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CHAPTER 9

Standard Costing:A Functional-Based Control Approach


LEARNING OBJECTIVES
After studying this chapter, you should be able to: 1. Describe how unit input standards are developed, and explain why standard costing systems are adopted. 2. Explain the purpose of a standard cost sheet. 3. Compute and journalize the direct materials and direct labor variances, and explain how they are used for control. 5. Compute overhead variances three different ways, and explain overhead accounting. 6. Calculate mix and yield variances for direct materials and direct labor.

C H A P T E R S U M M A RY
This chapter examines the functional-based standard costing systems in managing costs, improving planning and control, and facilitating decision making and product costing. It provides detailed discussion of cost variance analyses for all product cost elements and considers their behavioral implications. Mix and yield variance analyses are also presented when it is possible to make input substitutions.

CHAPTER REVIEW
I. Developing Unit Input Standards A. Decisions to Be Made 1. Price standards specify how much should be paid for the quantity of the input to be used. 2. Quantity standards specify how much of the input should be used per unit of output. 3. The unit standard cost for a particular input = Standard price Standard quantity. B. Establishing Standards 1. Potential sources of quantitative standards include historical experience, engineering studies, and input from operating personnel. 187 Learning Objective #1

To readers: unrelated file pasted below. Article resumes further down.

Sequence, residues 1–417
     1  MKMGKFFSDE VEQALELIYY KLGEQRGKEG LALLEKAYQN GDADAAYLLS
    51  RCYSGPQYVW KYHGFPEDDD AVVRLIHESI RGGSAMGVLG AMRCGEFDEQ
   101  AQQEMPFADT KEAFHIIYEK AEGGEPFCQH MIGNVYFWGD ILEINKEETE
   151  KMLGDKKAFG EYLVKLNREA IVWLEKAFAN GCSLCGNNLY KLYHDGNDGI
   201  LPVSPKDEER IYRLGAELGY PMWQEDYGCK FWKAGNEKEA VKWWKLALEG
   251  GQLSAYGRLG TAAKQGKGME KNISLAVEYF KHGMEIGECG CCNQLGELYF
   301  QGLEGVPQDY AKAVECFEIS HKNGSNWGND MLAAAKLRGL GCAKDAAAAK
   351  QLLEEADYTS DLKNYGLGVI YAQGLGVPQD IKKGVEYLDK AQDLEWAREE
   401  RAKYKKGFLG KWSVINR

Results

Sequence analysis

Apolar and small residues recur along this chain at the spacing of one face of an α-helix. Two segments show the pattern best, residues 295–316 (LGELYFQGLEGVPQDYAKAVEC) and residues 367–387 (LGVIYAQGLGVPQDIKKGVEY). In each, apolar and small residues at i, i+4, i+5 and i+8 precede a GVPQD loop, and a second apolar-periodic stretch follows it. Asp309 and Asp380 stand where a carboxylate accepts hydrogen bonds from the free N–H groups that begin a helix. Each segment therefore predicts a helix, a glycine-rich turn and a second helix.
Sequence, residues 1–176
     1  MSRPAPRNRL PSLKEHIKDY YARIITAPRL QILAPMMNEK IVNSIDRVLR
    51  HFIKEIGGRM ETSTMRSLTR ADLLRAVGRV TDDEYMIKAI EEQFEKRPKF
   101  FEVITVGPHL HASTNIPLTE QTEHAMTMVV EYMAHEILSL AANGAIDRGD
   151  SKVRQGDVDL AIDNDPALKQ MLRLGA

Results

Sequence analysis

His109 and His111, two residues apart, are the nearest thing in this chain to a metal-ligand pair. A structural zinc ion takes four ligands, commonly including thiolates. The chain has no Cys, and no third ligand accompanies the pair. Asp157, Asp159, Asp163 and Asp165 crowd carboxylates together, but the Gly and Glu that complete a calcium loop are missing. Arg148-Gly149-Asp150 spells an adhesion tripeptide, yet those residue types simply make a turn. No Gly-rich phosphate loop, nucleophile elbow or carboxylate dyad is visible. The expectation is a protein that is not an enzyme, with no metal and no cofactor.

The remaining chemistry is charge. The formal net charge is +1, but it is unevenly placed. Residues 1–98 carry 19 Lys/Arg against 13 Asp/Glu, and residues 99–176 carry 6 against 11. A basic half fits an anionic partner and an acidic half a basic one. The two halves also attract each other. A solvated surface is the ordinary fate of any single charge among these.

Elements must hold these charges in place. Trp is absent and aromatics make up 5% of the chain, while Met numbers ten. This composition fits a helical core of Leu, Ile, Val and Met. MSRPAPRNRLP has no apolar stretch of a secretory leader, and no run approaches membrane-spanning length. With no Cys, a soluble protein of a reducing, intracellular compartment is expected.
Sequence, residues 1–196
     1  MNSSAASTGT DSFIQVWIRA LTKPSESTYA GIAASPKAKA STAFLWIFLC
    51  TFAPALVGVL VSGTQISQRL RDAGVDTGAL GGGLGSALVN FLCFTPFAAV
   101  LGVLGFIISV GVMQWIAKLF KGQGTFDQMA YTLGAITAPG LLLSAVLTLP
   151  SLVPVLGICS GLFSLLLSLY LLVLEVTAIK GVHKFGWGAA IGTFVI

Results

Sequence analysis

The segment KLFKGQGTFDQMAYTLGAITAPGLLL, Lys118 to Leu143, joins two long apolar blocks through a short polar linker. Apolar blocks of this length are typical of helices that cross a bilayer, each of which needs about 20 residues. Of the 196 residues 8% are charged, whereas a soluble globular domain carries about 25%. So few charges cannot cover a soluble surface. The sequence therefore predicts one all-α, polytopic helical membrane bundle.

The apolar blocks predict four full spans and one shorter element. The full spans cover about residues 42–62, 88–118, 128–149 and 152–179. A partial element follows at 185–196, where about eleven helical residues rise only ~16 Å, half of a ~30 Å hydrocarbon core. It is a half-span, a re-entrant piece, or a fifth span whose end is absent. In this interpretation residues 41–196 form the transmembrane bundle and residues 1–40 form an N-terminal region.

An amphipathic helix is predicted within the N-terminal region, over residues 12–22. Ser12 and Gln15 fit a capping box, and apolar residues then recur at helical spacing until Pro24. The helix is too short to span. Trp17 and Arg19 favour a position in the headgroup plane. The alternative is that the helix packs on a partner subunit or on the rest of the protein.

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a. Historical experience should be used with caution because it may perpetuate operating inefficiencies. b. Engineering studies and input from operating personnel help determine the most efficient level of input quantities. The use of an engineering study approach by itself may produce standards that are too rigorous. 2. Responsibilities for establishing price standards a. Operations managers determine the quality of the inputs required. b. Personnel and purchasing have the responsibility to acquire the input quality at the lowest price that is limited by market forces and trade unions. Note that: Purchasing must consider discounts, freight, and quality. Personnel must consider payroll taxes, fringe benefits, and qualifications. c. Accounting is responsible for recording the price standards and for preparing reports. C. Types of Standards 1. Ideal standards are standards that demand maximum efficiency. Can only be achieved if everything operates perfectly. 2. Currently attainable standards can be achieved under efficient operating conditions. a. These standards are demanding but achievable. b. Allowance is made for normal breakdowns, interruptions, and differing skill levels. c. They offer more behavioral benefits than ideal standards. If standards are too tight, workers can become frustrated, and performance levels will decline. 3. Kaizen Standards are continuous improvement standards that reflect a planned improvement. Kaizen standards are currently attainable and have a cost reduction focus. 4. Activity-based Costing uses standards to: a. Facilitate cost assignment. An activitys cost is determined by the amount of resources consumed by each activity. b. Enhance cost control and reduction. Focus on eliminating or reducing nonvalue-added activities. Identify the ideal output level of each value-added activity and reduce activity production to that ideal level. D. Usage of Standard Costing Systems Standard costing systems are widely adopted for: 1. Managing costs.